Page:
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The Buddy System,” an article in the Oct. 2009 issue of Wired looks at “the infectious power of social networks.” In the middle of recent H1N1 outbreaks, that’s an ominous-sounding phrase, but what the article’s author, Jonah Lehrer, shares instead is the theory that the people in our social networks may have more influence on us than we realize — especially on things like happiness.

albumBack in 2003, researchers Nicholas Christakis and James Fowler began an extensive review of the Framingham Heart Study – but they weren’t looking at vital statistics and cholesterol numbers. Instead, they looked at subjects’ social networks.

Graphically mapping out these networks, they looked at certain characteristics (such as obesity) and behaviors (like quitting smoking) over time. What they discovered is that changes occurred in clusters. For example, as smoking rates dropped between 1971 and 2001, the network patterns showed that people were far more likely to quit if those linked to them had quit.  Quitting didn’t happen evenly or randomly across the network.

And Christakis and Fowler found that while the greatest influence was exerted by friends, there was significant influence among friends of friends, and friends of friends of friends.

While the Framingham data was based on traditional social networks, Christakis and Fowler applied the same thinking to Facebook. They discovered that, while people still maintain about the same number of really close friendships as before, the extended networks of acquaintances still exert influence. Last month, they published their findings in Connected: The Surprising Power of Our Social Networks and How they Shape Our Lives.

This is fascinating, but it raises ethical questions too. So we discover that one of the ways to pursue and assure our own happiness is to be connected to positive, happy people. What if we gravitate toward them and away from those who are depressed, ailing, poor, unattractive, introverted, and socially undesirable, and less tech-savvy?  Should we de-friend (or ignore) those grouchy people who complain too much? And as those who are less desirable become more socially isolated and disaffected (and in theory, less happy), then what?

Scott Stosssel, in his NY Times review of Christakis and Fowler’s book, does an excellent job of getting at those questions toward the end of his (mostly positive) review. If you don’t want to read the whole review, you can skip to the last few paragraphs.

What do you think?

Photo: Shahram Sharif (Creative Commons license)

Photo: Shahram Sharif (Creative Commons license)

If you’ve ever passed someone on the street and said “hello,” but the other person didn’t acknowledge your greeting, you’ve experienced something called disconfirmation. According to Julia T. Wood, in Interpersonal Communication: Everyday Encounters, we “confirm” someone with both non-verbal (a nod, a smile) and verbal (a return greeting, or even a friendly grunt) communication. “We disconfirm others at a fundamental level when we don’t acknowledge their existence,” Wood writes.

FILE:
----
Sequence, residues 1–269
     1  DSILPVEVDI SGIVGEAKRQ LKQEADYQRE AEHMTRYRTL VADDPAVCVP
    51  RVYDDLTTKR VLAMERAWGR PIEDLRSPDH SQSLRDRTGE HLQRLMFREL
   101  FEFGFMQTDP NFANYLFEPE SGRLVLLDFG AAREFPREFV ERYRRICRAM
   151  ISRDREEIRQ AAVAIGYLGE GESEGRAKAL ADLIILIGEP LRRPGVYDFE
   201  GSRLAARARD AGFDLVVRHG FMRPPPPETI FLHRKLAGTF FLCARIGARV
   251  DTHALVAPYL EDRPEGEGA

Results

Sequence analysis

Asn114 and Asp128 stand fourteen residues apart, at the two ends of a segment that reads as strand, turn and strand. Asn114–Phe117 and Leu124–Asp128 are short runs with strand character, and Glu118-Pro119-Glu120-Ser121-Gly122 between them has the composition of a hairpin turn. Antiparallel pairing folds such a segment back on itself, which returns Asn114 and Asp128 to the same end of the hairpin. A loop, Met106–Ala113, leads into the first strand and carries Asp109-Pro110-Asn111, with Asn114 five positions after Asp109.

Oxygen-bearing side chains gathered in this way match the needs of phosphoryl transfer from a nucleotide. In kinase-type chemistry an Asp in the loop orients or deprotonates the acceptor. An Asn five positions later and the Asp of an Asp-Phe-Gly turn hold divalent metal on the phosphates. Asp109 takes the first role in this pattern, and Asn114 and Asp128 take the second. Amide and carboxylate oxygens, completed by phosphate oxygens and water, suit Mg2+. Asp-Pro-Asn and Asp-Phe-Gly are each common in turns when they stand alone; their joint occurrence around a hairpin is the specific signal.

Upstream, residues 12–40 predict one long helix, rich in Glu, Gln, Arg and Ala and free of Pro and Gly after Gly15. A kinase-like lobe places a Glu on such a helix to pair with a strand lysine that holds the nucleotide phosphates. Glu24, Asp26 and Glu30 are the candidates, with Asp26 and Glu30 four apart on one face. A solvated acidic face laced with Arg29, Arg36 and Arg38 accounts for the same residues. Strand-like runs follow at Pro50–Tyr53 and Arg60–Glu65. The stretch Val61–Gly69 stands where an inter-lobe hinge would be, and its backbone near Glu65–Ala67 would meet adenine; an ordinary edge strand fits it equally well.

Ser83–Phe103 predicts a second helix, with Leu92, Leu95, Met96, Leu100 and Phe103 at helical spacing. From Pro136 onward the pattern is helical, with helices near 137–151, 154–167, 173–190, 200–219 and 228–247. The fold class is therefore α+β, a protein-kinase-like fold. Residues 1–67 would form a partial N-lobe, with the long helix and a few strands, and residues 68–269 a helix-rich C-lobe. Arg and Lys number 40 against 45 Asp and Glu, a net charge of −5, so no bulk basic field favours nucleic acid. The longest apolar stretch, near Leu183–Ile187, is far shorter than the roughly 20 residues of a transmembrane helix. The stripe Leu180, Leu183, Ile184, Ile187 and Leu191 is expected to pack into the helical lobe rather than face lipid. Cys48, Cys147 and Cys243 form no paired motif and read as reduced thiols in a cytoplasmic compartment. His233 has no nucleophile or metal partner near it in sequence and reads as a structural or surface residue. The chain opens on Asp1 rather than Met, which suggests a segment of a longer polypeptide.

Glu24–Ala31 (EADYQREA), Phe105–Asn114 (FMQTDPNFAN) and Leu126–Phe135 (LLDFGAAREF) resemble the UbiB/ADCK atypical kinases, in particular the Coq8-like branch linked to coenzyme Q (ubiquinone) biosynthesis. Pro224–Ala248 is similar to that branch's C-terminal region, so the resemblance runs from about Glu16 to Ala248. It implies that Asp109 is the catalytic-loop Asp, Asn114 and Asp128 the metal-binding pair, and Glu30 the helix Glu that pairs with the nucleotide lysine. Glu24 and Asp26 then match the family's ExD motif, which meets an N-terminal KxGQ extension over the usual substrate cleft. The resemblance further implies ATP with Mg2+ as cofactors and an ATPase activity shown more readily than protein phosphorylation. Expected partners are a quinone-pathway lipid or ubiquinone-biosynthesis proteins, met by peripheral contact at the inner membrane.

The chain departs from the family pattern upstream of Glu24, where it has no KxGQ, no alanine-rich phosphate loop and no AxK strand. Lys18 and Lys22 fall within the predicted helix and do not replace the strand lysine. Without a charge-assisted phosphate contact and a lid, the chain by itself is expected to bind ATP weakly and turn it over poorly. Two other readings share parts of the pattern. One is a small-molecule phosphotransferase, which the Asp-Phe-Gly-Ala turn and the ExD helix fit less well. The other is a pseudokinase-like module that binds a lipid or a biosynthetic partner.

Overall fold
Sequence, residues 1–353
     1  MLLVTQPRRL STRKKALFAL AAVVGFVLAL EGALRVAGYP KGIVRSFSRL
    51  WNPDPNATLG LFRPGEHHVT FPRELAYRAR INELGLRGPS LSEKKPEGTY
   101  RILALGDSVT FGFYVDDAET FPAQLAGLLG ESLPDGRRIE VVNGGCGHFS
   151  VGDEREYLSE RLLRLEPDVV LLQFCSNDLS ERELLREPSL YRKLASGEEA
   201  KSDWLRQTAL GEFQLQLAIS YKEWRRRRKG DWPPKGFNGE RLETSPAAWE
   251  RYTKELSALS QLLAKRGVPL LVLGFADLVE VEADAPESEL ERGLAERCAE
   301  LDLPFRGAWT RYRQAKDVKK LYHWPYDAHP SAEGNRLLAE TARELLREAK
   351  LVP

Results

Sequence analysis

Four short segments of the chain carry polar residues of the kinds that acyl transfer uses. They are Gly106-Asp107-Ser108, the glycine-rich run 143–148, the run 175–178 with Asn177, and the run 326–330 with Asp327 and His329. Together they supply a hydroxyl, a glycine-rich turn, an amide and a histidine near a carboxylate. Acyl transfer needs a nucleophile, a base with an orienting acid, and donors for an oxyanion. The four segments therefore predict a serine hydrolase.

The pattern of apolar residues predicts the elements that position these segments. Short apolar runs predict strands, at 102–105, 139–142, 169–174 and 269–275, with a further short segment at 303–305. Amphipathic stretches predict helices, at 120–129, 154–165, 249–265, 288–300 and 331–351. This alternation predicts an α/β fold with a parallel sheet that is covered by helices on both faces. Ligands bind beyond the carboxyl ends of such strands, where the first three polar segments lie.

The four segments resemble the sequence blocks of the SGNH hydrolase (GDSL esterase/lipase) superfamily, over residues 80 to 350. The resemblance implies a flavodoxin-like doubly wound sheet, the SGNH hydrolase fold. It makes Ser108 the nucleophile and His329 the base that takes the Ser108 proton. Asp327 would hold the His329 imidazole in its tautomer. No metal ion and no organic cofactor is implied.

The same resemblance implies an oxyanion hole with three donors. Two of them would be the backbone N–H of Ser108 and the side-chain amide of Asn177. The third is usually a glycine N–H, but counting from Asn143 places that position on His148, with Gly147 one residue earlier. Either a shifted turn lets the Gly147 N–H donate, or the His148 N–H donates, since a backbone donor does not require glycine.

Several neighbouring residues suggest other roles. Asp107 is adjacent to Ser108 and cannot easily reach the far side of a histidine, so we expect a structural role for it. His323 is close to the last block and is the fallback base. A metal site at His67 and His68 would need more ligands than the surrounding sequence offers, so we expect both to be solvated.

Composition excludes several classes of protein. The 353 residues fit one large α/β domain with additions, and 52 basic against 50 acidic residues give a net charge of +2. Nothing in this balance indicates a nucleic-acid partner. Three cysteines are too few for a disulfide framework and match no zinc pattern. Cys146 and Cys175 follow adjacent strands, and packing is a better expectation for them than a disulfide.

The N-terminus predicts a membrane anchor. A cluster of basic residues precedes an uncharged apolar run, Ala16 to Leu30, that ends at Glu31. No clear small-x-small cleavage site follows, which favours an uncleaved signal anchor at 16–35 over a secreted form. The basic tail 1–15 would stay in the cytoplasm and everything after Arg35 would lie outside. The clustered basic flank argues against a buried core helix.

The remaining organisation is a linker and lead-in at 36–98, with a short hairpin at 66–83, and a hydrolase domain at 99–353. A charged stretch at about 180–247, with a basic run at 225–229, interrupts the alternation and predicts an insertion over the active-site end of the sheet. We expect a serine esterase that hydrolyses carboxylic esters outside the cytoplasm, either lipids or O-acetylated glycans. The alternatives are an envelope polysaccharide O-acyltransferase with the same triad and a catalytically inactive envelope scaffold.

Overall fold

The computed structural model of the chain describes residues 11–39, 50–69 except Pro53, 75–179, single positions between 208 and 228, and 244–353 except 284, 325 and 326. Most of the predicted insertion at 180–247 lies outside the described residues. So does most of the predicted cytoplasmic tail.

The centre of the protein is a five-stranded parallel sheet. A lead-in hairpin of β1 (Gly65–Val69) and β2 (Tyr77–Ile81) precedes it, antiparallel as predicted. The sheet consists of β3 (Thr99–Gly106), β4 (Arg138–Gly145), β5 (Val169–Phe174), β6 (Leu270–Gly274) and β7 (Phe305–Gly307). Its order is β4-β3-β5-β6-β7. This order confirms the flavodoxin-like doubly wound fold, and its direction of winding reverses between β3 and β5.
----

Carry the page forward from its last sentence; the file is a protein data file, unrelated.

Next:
Most of us have a tolerance, perhaps even an acceptance, of a certain level of disconfirmation in life. We probably don’t give that passing stranger another thought. On the other end of the spectrum, the church member or family member who repeatedly snubs us with the silent treatment might cause us greater angst.

Each advance in communication has brought with it the potential for all of us to be the recipients of more disconfirmation, as well as to add to it. The unreturned phone call … the email that went unacknowledged … and now, the requests to connect and be “Friends” and follow someone back. There are more ways to connect, but there are also more ways to miss each other and to miss opportunities to confirm and affirm each other.

Furthermore, as followers of Christ, who went out of his way to “confirm” those who were disconfirmed by many, I believe there’s a faith dimension to the issue.

Some, like social media expert Chris Brogan, treat social media as legitimate items on the “To Do” list, and schedule them in daily or weekly. I like this idea, because I’m the kind of person who needs structure, methods, and tools to get things done. Still, I’m not as good at managing my communications as I’d like to be, and if I’ve disconfirmed you, I apologize.

What do you think? How do you keep up with social media? And are Christians called to attend to the problem of disconfirmation, at least in our own lives, if not in the world?

trust agents If you are anywhere near Orange County, California tonight you should make every attempt to go hear Chris Brogan speak at Disciples-related Chapman University. Chris is well known in the world of social media and blogging. I read his blog every morning, because I appreciate his short, actionable posts and his analogies. The comments are always a good read too. If you’re interested in going to hear him, you can get a ticket through EventBrite. P.S. It’s FREE!

Chris and Julien Smith just released a book called Trust Agents: Using the Web to Build Influence, Improve Reputation, and Earn Trust. I’m about halfway through – it’s interesting. I’m reading it with an eye toward what DisciplesWorld might learn and employ, but also with the Church, churches, and Christians in mind.